On March 10 the European Central Bank (ECB) issued its highly anticipated policy announcement, and the shift from simply watching market action from the shadows is now over. This is because ECB head Mario Draghi rocked the financial world with a Euro denominated bazooka, and proved once again that markets no longer function on fundamentals, but instead on credit based interventions.
Although not quite going full tilt into negative interest rates, the ECB did lower rates at its primary lending facility to zero from 0.05%, and dropped its deposit rate 10 bps to -0.40 which is an indication the central bank wants Europe’s financial institutions to borrow and spend rather than borrow and save.
Monetary policy decisions
At today’s meeting the Governing Council of the ECB took the following monetary policy decisions:
(1) The interest rate on the main refinancing operations of the Eurosystem will be decreased by 5 basis points to 0.00%, starting from the operation to be settled on 16 March 2016.
(2) The interest rate on the marginal lending facility will be decreased by 5 basis points to 0.25%, with effect from 16 March 2016.
(3) The interest rate on the deposit facility will be decreased by 10 basis points to -0.40%, with effect from 16 March 2016.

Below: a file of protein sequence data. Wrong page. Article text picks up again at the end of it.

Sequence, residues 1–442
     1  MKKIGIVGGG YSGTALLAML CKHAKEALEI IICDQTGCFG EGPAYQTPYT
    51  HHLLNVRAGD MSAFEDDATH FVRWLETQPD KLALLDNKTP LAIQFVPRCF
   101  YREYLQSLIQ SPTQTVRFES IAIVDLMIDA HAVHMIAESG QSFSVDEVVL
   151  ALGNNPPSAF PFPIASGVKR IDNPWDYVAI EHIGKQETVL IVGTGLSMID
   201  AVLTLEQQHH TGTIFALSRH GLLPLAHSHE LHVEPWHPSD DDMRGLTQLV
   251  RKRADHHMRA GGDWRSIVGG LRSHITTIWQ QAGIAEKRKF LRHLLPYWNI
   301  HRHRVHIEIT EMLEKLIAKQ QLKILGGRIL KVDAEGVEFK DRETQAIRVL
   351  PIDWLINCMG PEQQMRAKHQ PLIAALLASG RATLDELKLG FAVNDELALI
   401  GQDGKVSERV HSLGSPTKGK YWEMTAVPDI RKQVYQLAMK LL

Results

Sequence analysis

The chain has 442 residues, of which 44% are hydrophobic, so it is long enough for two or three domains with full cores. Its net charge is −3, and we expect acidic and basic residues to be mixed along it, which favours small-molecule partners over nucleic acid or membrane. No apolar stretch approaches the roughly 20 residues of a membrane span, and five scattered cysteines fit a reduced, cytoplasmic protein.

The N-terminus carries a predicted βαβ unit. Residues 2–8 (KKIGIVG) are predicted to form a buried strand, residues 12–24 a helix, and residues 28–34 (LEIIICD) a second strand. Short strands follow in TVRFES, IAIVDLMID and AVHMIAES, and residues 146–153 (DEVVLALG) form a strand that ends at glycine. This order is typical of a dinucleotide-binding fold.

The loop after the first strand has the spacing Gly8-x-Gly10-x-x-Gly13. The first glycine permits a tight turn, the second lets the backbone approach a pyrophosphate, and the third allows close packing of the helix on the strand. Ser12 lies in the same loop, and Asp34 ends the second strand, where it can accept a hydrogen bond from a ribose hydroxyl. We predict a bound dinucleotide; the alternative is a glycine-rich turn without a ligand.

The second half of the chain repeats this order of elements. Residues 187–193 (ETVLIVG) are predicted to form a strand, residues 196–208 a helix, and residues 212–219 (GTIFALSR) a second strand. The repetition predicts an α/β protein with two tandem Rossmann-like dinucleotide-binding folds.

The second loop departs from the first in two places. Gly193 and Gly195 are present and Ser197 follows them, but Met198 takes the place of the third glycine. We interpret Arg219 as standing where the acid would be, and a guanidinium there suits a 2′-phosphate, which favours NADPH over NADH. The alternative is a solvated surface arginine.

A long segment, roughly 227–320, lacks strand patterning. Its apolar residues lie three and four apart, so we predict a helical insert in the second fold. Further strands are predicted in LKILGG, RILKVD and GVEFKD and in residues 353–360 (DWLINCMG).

(4) The monthly purchases under the asset purchase programme will be expanded to €80 billion starting in April.
(5) Investment grade euro-denominated bonds issued by non-bank corporations established in the euro area will be included in the list of assets that are eligible for regular purchases.
(6) A new series of four targeted longer-term refinancing operations (TLTRO II), each with a maturity of four years, will be launched, starting in June 2016. Borrowing conditions in these operations can be as low as the interest rate on the deposit facility.
The President of the ECB will comment on the considerations underlying these decisions at a press conference starting at 14:30 CET today. - ECB.Europa.EU
Unlike the Federal Reserve’s ‘attempt’ last December to hint to the markets that the economy was stable via a .25% rate hike, the ECB today mirrored several EU state banks in dropping interest rates lower, and increasing bond buying programs that have already helped lower the Euro against the dollar, and propped up equities following their announcement.
As long as central banks continue to intervene with monetary policies never before seen in history (Like ZIRP and NIRP), the fallacies of economic recovery and stability will be just that, lies told to protect the bank’s incompetence and political entities within the Eurozone. But the inevitable end game will be one where when the next crisis hits, central banks like the ECB and the FED will have no ammunition left, leaving markets to fall precipitously when they realize that there is little actual aid coming from the masters of the banking universe.
Kenneth Schortgen Jr is a writer for Secretsofthefed.com, Examiner.com, Roguemoney.net, and To the Death Media, and hosts the popular web blog, The Daily Economist. Ken can also be heard Wednesday afternoons giving an weekly economic report on the Angel Clark radio show.